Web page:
Thursday, October 4, 2018

Latest Facebook Discovery Decision Uncovered (Northampton County)

For the latest social media discovery decision, check out the Northampton County Court of Common Pleas ruling in Allen v. Sands Bethworks Gaming, LLC, No. C-0048-CV-2017-2279 (C.P. North. Co. Aug. 6, 2018 Dally, J.).

This case arose out of the Plaintiff's alleged slip and fall in a bathroom at the Sands Casino in Bethlehem, Pennsylvania.

During the course of discovery, the Plaintiff provided limited information in response to social media interrogatories seeking information regarding her online activity.  The Plaintiff confirmed in her responses that she used Facebook and Twitter but declined to provide any more detailed information other than to confirm that nothing had been deleted from her accounts since the date of the incident.

The defense responded with a motion to compel for more information, including information from the private portions of the Plaintiff's social media profiles.

In his detailed Opinion, Judge Dally provided an excellent overview of the general rules of discovery pertinent to this issue as well as a review of the previous social media discovery decisions that have been handed down around the Commonwealth by various county courts of common pleas as well as by courts from other jurisdictions.

No Pennsylvania appellate court decision was referenced by the Allen court as there are apparently still no such decisions to date.

In his Opinion, Judge Dally noted that the Defendant had pointed out discrepancies between the Plaintiff's deposition testimony regarding her alleged limitations from her alleged accident-related injuries and photos available for review on the public pages of the Plaintiff's Facebook profile depicting the Plaintiff engaging in certain activities.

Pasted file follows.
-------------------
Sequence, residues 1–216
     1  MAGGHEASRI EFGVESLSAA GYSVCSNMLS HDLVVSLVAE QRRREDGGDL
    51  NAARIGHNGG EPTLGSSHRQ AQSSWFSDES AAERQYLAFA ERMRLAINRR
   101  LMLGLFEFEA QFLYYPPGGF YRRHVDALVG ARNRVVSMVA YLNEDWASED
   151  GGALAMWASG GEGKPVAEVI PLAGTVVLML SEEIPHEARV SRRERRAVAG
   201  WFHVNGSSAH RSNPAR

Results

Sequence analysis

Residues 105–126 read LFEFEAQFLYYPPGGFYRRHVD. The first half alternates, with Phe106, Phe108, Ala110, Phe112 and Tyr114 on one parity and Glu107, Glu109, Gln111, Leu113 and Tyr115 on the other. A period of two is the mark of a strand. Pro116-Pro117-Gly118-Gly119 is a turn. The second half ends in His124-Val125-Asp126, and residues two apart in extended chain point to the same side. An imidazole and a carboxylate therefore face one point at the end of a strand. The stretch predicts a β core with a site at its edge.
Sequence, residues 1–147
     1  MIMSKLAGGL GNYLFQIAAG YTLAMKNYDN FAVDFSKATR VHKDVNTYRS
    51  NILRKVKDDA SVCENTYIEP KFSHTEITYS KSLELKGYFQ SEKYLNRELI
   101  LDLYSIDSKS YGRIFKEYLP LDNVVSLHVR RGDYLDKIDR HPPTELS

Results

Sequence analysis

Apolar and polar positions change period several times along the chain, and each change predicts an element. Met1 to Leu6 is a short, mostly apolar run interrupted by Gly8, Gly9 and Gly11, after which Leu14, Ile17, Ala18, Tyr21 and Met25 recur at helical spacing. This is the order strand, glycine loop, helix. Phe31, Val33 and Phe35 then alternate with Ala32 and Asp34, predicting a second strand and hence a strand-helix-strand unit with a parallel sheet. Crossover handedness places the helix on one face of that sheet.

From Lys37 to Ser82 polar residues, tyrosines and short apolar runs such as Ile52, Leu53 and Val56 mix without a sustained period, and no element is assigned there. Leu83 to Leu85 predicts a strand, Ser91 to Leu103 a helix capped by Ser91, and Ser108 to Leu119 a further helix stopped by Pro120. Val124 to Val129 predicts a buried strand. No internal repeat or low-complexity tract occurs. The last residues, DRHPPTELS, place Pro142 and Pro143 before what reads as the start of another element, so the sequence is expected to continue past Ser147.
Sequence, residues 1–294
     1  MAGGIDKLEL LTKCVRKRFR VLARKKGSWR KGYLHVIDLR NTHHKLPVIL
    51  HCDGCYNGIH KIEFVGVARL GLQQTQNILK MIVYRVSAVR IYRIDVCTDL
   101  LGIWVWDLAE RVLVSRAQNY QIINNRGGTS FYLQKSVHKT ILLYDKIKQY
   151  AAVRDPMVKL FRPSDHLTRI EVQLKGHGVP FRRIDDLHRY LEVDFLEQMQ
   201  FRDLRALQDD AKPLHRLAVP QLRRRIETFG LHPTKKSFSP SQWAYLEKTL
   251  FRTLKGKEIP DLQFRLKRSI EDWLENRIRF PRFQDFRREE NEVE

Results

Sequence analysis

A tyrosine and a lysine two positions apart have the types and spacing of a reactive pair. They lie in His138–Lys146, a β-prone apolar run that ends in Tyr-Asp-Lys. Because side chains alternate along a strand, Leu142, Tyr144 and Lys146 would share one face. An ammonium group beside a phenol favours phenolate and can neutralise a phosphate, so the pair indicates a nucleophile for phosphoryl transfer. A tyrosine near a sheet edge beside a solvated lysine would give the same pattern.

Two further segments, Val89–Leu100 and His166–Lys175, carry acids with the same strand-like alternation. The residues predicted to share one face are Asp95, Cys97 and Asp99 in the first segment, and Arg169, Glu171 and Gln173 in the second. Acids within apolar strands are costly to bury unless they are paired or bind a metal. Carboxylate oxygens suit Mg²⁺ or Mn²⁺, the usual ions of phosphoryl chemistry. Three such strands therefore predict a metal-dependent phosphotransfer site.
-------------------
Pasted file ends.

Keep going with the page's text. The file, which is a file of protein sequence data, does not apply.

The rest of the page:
After reviewing the record before the court, Judge Dally ruled that the defense had failed to establish the factual predicate of showing sufficient information on the Plaintiff's public pages to allow for discovery of information on the Plaintiff's private pages.

In a footnote 6, the court also emphasized that such a factual predicate must be established with respect to each separate social media site the Defendant wishes to access further.

The court additionally noted that, in any event, "it would be disinclined to follow the line of Common Pleas cases that have granted parties carte blanche access to another party's social medial account by requiring the responding party to  to turn over their username and password, as requested by the Defendant in this case."  This the court found would be overly intrusive, would cause unreasonable embarassment and burden, and represented a discovery request that is not properly tailored with reasonable particularity as required by the Rules of Civil Procedure pertaining to discovery efforts.

In light of the above reasoning, the Defendant's Motion to Compel was denied.

Anyone wishing to review this decision may click this LINK.

To review the Tort Talk Facebook Discovery Scorecard click this LINK. 

The Scorecard can always be freely accessed by going to and scrolling down the right hand column and clicking on the date noted under "Facebook Discovery Scorecard."

If you are willing to do so, please do not hesitate to send me a copy of any Social Media discovery or admissibility decisions you may come across in order that the Tort Talk Facebook Discovery Scorecard and be continually updated.  Thanks very much.  DEC

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